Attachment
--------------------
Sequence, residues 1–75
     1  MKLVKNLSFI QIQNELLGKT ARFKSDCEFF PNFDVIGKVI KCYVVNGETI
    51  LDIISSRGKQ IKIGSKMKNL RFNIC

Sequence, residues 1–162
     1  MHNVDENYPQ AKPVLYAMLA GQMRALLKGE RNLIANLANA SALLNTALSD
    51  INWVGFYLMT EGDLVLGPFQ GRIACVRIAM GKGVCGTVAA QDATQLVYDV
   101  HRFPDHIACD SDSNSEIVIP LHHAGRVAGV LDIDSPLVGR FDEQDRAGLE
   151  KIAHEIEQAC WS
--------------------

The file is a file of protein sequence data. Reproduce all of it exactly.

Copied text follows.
Sequence, residues 1–75
     1  MKLVKNLSFI QIQNELLGKT ARFKSDCEFF PNFDVIGKVI KCYVVNGETI
    51  LDIISSRGKQ IKIGSKMKNL RFNIC

Sequence, residues 1–162
     1  MHNVDENYPQ AKPVLYAMLA GQMRALLKGE RNLIANLANA SALLNTALSD
    51  INWVGFYLMT EGDLVLGPFQ GRIACVRIAM GKGVCGTVAA QDATQLVYDV
   101  HRFPDHIACD SDSNSEIVIP LHHAGRVAGV LDIDSPLVGR FDEQDRAGLE
   151  KIAHEIEQAC WS